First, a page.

Today in 1512 Thomas Knyvett died. Thomas Knyvett was an English nobleman who was a close friend of Henry VIII, shortly after Henry came to the throne. According to Hall's Chronicle, Knyvett was a frequent participant in the jousts and pageants of the new king's glittering court and was made Henry's Master of the Horse in 1510.
When Henry declared war on France in 1512, Knyvett, along with Sir John Carew, was given command of the royal flagship, the Regent. With a number of court favourites commanding other vessels, a small fleet set sail for the coast of Brittany. On 10 August 1512 they engaged a slightly larger French fleet, and a violent melee known as the Battle of St. Mathieu ensued off the coast of Brest. Knyvett's ship grappled with the Breton command vessel Cordelière, and was engaged in boarding her when the Cordelière's powder magazine blew up (some say it was deliberately ignited). The two vessels burst into flame. Knyvett and Carew both perished, along with the Breton captain and more than 1,700 men, both French and English.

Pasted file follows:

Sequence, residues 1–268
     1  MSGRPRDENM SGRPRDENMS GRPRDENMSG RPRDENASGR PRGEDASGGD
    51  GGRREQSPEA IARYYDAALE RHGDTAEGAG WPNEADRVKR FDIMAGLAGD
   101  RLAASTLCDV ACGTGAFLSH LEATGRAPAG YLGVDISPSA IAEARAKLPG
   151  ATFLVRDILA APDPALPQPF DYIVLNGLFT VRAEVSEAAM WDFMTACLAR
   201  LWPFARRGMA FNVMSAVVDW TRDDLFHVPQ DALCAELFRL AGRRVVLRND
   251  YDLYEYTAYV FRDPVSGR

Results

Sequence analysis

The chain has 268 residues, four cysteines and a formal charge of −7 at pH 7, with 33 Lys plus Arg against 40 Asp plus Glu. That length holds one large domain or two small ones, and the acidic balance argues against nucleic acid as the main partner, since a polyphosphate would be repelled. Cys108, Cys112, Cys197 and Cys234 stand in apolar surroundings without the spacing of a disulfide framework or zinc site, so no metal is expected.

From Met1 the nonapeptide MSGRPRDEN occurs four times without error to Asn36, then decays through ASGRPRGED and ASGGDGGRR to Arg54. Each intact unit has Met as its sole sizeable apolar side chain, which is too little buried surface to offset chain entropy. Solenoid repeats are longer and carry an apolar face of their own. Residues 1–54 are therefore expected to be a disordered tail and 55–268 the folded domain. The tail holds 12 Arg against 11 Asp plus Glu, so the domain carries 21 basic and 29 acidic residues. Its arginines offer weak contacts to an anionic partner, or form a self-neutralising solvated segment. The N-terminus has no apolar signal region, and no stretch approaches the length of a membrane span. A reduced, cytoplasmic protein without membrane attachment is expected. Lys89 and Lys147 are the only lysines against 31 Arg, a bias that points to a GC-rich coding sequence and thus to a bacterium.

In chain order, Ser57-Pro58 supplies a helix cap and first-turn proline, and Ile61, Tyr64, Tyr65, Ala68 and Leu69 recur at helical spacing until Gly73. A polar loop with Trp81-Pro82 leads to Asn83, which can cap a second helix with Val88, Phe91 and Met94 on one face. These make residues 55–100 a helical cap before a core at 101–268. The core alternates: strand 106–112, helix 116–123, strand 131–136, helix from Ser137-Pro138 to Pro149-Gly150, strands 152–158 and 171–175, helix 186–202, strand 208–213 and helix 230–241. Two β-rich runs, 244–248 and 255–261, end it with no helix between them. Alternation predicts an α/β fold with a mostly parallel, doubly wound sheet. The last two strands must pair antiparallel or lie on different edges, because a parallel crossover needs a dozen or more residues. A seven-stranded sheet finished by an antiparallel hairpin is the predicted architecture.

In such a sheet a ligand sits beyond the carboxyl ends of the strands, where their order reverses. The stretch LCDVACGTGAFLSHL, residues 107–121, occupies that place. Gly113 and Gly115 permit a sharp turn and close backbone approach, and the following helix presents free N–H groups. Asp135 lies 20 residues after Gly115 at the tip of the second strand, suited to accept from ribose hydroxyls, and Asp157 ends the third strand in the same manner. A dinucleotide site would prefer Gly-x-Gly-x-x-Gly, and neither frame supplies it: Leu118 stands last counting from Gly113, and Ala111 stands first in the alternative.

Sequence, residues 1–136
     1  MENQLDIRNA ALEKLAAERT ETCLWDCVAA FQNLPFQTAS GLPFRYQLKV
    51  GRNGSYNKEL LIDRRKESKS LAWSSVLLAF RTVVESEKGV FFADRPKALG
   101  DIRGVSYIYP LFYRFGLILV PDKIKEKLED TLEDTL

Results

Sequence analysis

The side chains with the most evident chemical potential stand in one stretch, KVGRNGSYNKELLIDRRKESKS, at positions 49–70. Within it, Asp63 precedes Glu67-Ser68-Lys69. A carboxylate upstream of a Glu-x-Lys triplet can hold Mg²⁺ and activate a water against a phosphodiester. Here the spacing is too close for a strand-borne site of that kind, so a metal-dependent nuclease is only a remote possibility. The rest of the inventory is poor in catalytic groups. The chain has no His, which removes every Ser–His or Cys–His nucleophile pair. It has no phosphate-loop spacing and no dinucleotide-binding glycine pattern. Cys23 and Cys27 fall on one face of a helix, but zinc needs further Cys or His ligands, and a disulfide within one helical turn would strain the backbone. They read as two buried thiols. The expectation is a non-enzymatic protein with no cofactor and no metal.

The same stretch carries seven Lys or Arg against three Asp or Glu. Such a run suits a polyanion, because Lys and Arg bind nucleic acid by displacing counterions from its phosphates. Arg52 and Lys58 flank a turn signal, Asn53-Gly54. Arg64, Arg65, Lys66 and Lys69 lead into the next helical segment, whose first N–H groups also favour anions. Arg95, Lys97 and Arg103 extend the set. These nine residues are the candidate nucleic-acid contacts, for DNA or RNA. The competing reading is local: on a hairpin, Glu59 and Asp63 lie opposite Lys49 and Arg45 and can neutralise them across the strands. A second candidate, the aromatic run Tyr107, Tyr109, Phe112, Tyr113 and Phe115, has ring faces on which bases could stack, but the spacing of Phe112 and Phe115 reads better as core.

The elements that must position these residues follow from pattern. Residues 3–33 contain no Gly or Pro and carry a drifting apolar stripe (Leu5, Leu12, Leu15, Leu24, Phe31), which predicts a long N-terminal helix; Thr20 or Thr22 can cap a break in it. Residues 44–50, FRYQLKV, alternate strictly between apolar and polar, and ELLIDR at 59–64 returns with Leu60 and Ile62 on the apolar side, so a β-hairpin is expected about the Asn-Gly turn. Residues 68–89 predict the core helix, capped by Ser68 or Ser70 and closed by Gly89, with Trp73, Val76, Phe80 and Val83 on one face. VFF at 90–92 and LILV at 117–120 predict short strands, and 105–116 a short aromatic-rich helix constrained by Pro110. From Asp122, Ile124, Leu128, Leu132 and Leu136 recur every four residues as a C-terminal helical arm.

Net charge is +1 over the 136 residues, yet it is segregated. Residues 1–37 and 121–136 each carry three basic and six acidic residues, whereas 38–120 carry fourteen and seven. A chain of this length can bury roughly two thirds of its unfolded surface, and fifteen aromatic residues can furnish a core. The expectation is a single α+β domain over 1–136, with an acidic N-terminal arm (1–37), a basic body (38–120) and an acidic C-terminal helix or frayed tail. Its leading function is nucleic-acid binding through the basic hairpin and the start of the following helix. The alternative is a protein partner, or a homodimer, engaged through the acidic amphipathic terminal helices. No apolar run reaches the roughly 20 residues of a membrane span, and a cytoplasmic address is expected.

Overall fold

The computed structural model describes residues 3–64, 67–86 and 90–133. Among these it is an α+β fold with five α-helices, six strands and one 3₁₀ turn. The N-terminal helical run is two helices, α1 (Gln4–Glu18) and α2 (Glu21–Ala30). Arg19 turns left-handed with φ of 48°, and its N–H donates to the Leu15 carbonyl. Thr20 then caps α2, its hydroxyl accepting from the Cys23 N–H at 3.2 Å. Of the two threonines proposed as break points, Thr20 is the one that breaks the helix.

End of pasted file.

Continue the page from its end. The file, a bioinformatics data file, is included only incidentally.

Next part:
This was one of the last naval battles that included grappling - in future guns would be more prominent, and would mean that boats never got close enough to each other for grappling.
That’s your Tudor Minute for today. Remember you can dive deeper into life in 16th century England through the Renaissance English History Podcast at englandcast.com where there are episodes devoted to the rise of the Tudor navy.
2015 episode on the Tudor Navy